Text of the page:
Magic Of

Math

Donald in MathMagic Land

Sydnei Miller

April 30, 2009

B3

Mrs. P. Harris

Pictures

Pages 3-11

Chapter 2

Examples

Pages 12-20

Chapter 3

Definitions Pages 21-29

Chapter 4

Research

Pages 30-36

2

Pictures 1.

Starfish

2.

Tic – Tac – Toe

3.

Pawn

4.

Star Jasmine

5.

Music Scale

6.

Wax Flower

7.

Petunia

8.

Infinity 3

Starfish

4

Tic – Tac - Toe

5

Pawn

6

Star Jasmine

7

Music Scale

8

Wax Flower

9

Petunia

10

Infinity

11

Examples 1.

Pentagon

2.

Rectangle

3.

Pattern

4.

Circle

5.

Ratio

6.

Fraction

7.

Square Root

8.

Shapes 12

Pentagon

13

Rectangle

14

Pattern

15

Circle

16

Ratio 4:2

4 to 2 4/2

17

Fraction 2/9

40/6

1

1 2

18

Square Root

9 =3

19

Shapes

20

Definitions 1.

Pi

2.

Mathematician

3.

Proportions

4.

Golden Rectangle

5.

Spiral

6.

Pentagram

7.

Diamond/Rhombus

8.

Golden Section 21

Pi Pi or Ď&#x20AC; is a mathematical constant whose value is the ratio of any circle's circumference to its diameter. This is the same value as the ratio of a circle's area to the square of its radius. It is approximately equal to 3.14159.

22

Mathematician A mathematician is a person whose primary area of study and/or research is the field of mathematics.

23

Proportions A proportion is an equation with a ratio on each side. It is a statement that two ratios are equal.

24

Golden Rectangle A golden rectangle is a rectangle whose side lengths are in the golden ratio. Approximately 1:1.618

25

Spiral A spiral is a curve which emanates from central point, getting progressively farther away as it revolves around the point.

26

Pentagram A pentagram is the shape of a five-pointed star drawn with five straight strokes.

27

Rhombus A rhombus is a parallelogram with sides of equal length. Its opposite angles are equal and they bisect each other at right angles. The shape of a rhombus is sometimes known as a diamond, although a rhombus with angles of 90째 would be a square. 28

Golden Section The golden section is a line segment sectioned in two according to the golden ratio. The total length a + b is to the longer segment a as a is to the shorter segment b

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Research 1.

The Parthenon

2.

Notre Dame de Paris

3.

Lewis Carroll

4.

Galileo Galilei

5.

Pythagoras

6.

Chess

30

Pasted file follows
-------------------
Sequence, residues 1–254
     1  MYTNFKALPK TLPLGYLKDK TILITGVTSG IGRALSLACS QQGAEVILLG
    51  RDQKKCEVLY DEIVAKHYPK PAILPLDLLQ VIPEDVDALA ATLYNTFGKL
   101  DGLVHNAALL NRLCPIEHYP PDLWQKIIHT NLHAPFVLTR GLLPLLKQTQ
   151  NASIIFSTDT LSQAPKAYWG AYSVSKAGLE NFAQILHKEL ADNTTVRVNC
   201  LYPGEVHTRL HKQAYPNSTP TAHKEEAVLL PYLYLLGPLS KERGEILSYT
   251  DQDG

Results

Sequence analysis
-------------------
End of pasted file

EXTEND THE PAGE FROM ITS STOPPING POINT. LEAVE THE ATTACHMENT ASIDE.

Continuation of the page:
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The (Ancient Greek: Παρθενών) is a temple of the Greek goddess Athena, built in the 5th century BC on the Athenian Acropolis. It is the most important surviving building of Classical Greece, generally considered to be the culmination of the development of the Doric order. Its decorative sculptures are considered one of the high points of Greek art. The Parthenon is regarded as an enduring symbol of ancient Greece and of Athenian democracy, and one of the world's greatest cultural monuments. The Greek Ministry of Culture is currently carrying out a program of restoration and reconstruction.[1] The Parthenon replaced an older temple of Athena, which historians call the Pre-Parthenon or Older Parthenon, that was destroyed in the Persian invasion of 480 BC. Like most Greek temples, the Parthenon was used as a treasury, and for a time served as the treasury of the Delian League, which later became the Athenian Empire. In the 6th century AD, the Parthenon was converted into a Christian church dedicated to the Virgin Mary. After the Ottoman conquest, it was converted into a mosque in the early 1460s, and it had a minaret built in it. On 26 September 1687 an Ottoman ammunition dump inside the building was ignited by Venetian bombardment. The resulting explosion severely damaged the Parthenon and its sculptures. In 1806, Thomas Bruce, 7th Earl of Elgin removed some of the surviving sculptures, with Ottoman permission. These sculptures, now known as the Elgin or Parthenon Marbles, were sold in 1816 to the British Museum in London, where they are now displayed. The Greek government is committed to the return of the sculptures to Greece, so far with no success.[citation needed] Notre Dame de Paris ('Our Lady of Paris' in French) is a Gothic cathedral on the eastern half of the Île de la Cité in the fourth arrondissement of Paris, France, with its main entrance to the west. It is the cathedral of the Catholic archdiocese of Paris: that is, it is the church that contains the "cathedra", or official chair, of the Archbishop of Paris. Notre Dame de Paris is widely considered one of the finest examples of French Gothic architecture in the world. It was restored and saved from destruction by Viollet-le-Duc, one of France's most famous architects. The name Notre Dame means "Our Lady" in French. Notre Dame de Paris was one of the first Gothic cathedrals, and its construction spanned the Gothic period. Its sculptures and stained glass show the heavy influence of naturalism, unlike that of earlier Romanesque architecture. Notre Dame de Paris was among the first buildings in the world to use the flying buttress [arched exterior supports]. The building was not originally designed to include the flying buttresses around the choir and nave. After the construction began and the thinner walls (popularized in the Gothic style) grew ever higher, stress fractures began to occur as the walls pushed outward. In response, the cathedral's architects built supports around the outside walls, and later additions continued as such. The cathedral suffered desecration during the radical phase of the French Revolution in the 1790s, when much of its religious imagery was damaged or destroyed. During the 19th century, an extensive restoration project was completed, returning the cathedral to its previous state. Charles Lutwidge Dodgson (IPA: /ˈdɒdsən/) (27 January 1832 – 14 January 1898), better known by the pen name Lewis Carroll (/ˈkærəl/), was an English author, mathematician, logician, Anglican deacon and photographer.